Game Of Thrones Season 3 episode 3 recap

The chairs. Of course the chairs. And everything else that happened in only an hour.   But before we get there, let’s take a minute for the arrows – those arrows that couldn’t find their target if they’d been directed by the Gods. You wanted to laugh, didn’t you? Of course you did.  

And didn’t it make it better when you found out they were shot by Catelyn’s brother? As if you didn’t already know that her family was going to be lame somehow (I can hear Lainey screaming “Obviously”). You know this is going to haunt him to his grave. I giggled. I couldn’t help it. Fine, so her uncle the Blackfish might be awesome, but that loser brother (this is Edmure) is a loser evermore.

And maybe this is what caused the beginning of Robb Stark’s backbone to appear?  It’s the first we’ve heard of a plan that makes sense (and if I were being a dick, I’d say every plan makes sense in retrospect), and it was the first inkling that Robb Stark might have something going on. Not that I expect him to actually pull anything off, of course. That would be too much. But, you know, onward.

It does make you think again about Arya, doesn’t it? She’s just so blindly tough.  Catelyn is worried that her boys are lonely for her (no word for her girls) but Arya is, let’s be honest, kind of having a blast. She secures her freedom, sasses at The Hound, and even has time to have a range of emotions over Hot Pie -  a little condescension that he’s not moving forward with them,  and a little empathy when she tastes the wolf-shaped treat he gave her. She’s still fearless, still a bit childish. I kind of feel like it’s because of this, it’s because her confidence hasn’t yet been eradicated, that she’s going to be able to face the true horrors when they come.   

Speaking of children, or lack thereof, I noticed that Gendry looked much less childish than he had in the past, but when I checked to see if the internet felt the same way,  I came upon a series of links so horrifying that I urge you to proceed with caution. If that’s your thing.

Speaking of which – how about Podrick? Not just mild-mannered, but apparently extremely talented and modest? What I love is that Bronn pulled up a chair too. I love a man who’s not too big to learn.

And then there’s Daenerys, and I’m not really up on my Old Testament, but tell me when she climbed up with water to that figure on the cross that there wasn’t some sort of Jesus imagery going on there? There was, right? So now she has 8,000 and change, two dragons, one handmaiden translator type, a number of (still ill) Dothraki, and two bitchy advisors who are determined to out-helpful one another. I love the self-possession of this girl and I love the fact that she apparently completely lacks the intimidation gene, but she has now spent close to three seasons planning.   I would like for her to get ON with it already. Like, don’t you want to see HER stare down Tywin Lannister?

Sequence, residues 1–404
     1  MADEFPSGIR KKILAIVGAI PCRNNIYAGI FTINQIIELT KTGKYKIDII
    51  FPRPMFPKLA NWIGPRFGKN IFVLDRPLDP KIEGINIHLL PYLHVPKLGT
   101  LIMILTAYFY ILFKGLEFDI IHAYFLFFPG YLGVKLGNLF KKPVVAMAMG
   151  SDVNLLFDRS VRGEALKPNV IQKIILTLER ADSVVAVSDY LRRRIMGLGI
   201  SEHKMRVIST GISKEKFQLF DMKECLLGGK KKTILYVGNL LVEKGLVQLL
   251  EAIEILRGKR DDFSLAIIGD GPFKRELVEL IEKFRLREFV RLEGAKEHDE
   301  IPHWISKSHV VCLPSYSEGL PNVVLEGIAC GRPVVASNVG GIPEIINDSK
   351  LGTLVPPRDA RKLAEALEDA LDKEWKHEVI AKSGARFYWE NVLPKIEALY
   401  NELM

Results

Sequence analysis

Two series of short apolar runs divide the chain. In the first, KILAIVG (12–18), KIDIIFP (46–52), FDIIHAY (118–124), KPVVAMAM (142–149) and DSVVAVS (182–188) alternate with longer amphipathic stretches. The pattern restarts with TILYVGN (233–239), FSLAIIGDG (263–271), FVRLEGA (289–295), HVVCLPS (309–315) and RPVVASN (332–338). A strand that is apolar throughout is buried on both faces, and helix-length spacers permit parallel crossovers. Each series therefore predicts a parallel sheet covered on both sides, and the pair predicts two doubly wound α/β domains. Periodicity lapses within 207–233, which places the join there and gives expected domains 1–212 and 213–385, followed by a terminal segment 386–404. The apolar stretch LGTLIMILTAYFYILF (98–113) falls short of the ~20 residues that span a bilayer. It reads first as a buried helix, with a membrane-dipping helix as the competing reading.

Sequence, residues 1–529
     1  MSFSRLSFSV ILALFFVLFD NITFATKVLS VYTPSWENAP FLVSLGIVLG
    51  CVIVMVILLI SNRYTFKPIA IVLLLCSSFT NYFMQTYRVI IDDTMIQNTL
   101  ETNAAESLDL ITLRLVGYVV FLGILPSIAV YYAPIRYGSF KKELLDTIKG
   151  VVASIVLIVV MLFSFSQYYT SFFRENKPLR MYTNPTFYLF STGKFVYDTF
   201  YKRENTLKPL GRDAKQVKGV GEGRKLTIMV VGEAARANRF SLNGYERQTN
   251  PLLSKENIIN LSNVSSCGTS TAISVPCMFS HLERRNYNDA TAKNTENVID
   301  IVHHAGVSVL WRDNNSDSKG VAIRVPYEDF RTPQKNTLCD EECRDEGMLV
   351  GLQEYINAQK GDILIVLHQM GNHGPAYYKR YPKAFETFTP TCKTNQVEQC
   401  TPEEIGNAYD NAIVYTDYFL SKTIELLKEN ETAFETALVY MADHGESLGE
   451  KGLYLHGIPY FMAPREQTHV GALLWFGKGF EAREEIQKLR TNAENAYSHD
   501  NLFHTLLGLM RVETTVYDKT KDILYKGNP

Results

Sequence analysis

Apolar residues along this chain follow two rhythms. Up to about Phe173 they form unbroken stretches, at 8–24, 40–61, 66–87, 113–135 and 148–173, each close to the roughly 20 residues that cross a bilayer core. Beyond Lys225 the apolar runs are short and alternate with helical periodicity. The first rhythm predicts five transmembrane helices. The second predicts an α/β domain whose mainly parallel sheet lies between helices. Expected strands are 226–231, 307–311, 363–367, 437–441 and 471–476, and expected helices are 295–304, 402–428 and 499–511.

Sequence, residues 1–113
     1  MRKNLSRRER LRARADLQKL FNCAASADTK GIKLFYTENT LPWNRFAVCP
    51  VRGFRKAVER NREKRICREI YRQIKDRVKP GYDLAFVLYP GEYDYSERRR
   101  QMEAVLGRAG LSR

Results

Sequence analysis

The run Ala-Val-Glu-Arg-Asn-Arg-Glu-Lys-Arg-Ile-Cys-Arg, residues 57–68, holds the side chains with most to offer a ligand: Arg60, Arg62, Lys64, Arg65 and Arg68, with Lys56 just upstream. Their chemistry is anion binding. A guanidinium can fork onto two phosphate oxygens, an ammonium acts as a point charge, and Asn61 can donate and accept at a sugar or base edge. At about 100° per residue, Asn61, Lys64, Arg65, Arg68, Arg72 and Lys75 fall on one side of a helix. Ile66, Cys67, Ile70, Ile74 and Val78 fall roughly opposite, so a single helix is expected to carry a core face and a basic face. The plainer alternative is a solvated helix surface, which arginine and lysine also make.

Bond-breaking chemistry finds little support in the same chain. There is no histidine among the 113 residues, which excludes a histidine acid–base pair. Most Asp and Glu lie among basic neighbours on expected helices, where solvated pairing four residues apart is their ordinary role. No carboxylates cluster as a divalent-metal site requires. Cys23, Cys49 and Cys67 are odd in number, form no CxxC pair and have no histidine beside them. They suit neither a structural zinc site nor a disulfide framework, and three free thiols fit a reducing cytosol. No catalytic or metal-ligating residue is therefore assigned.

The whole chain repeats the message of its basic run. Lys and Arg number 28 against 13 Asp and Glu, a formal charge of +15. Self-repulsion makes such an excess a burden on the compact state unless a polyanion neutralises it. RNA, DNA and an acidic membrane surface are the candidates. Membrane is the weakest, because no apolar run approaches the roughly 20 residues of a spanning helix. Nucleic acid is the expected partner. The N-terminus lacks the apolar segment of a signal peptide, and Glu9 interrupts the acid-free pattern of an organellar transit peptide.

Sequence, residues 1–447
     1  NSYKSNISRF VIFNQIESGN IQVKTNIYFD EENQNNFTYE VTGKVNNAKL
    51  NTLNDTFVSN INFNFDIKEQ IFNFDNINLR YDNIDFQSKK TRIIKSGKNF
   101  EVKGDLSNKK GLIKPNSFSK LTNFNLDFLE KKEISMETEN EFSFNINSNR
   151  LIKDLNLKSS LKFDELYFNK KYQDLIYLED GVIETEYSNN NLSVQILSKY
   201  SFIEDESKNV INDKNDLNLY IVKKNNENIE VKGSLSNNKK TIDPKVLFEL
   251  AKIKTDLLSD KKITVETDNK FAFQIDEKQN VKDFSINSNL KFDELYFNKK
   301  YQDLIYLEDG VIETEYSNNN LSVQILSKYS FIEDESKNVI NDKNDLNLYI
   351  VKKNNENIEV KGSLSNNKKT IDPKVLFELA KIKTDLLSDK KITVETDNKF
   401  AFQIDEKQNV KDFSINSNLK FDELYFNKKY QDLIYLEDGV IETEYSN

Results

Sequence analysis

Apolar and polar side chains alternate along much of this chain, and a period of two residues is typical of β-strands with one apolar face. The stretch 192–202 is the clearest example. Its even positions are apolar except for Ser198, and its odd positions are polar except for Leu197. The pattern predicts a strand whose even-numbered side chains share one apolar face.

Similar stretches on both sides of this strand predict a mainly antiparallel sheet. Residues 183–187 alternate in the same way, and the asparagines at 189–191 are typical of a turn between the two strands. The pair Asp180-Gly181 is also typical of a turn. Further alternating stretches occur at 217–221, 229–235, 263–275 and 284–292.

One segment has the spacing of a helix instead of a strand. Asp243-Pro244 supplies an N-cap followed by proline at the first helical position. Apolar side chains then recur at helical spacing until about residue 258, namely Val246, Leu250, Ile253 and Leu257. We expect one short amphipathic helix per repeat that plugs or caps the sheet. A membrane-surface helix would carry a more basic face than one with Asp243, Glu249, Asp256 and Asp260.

And there it is, by the way – the single best pat of the episode was Tywin’s game of musical chairs. Do you think he knew what would happen when they all came in?   Do you think he cares one whit about Cersei, beyond “letting” her sit at his right hand? Because I say no. I kind of love him for the mind games, and I wonder whether, if anyone else had argued against Baelish marrying Lysa Arryn, he would have snapped and given them an unfavourable post as well? (Also, welcome back, Varys and Pycelle!)

As it is, it’s Tyrion, who must infuriate Tywin every day not only by being a dwarf and a whore-lover and politically impotent, but also by being kind of brilliant?  Wouldn’t it be easier if he were just an all-around writeoff? Talented or otherwise skilled are harder pills to swallow, aren’t they. On the one hand, you’d think knowing the “worst’’secrets about his children – the truth about Joffrey’s parentage, for example – would horrify him still further, to the point where he couldn’t function. On the other hand, you think he’s smart enough that he kind of knows. 

But then, his children have bigger things to worry about. Just as Jamie shows his own humanity by begging for Brienne’s “unbesmirched”  freedom, which – who knew? – he is rewarded for his trouble with his hand cleavered right off. I went back and forth looking for the right word because “cut” and “chopped” seemed too clean and simple for what happened to him. Even on this show, it seemed brutal – maybe because of its simplicity and lack of mind games? I don’t know.  

Whereas Theon, on the other hand, heard the threat “I’m going to f*ck you into the ground” and lived to tell the tale. You wouldn’t think that would be the way it would go, would you? Incidentally, the boy keeps talking about “your sister”, “your sister”.   He’s never once said “Yara”. Who do we think it really is?